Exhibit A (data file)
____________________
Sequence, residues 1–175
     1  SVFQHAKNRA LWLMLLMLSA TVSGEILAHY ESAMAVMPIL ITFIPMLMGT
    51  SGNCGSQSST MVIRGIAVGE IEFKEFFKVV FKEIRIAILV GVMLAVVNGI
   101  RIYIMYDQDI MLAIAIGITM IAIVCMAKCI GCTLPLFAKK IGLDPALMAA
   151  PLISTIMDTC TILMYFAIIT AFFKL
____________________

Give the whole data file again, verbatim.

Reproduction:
Sequence, residues 1–175
     1  SVFQHAKNRA LWLMLLMLSA TVSGEILAHY ESAMAVMPIL ITFIPMLMGT
    51  SGNCGSQSST MVIRGIAVGE IEFKEFFKVV FKEIRIAILV GVMLAVVNGI
   101  RIYIMYDQDI MLAIAIGITM IAIVCMAKCI GCTLPLFAKK IGLDPALMAA
   151  PLISTIMDTC TILMYFAIIT AFFKL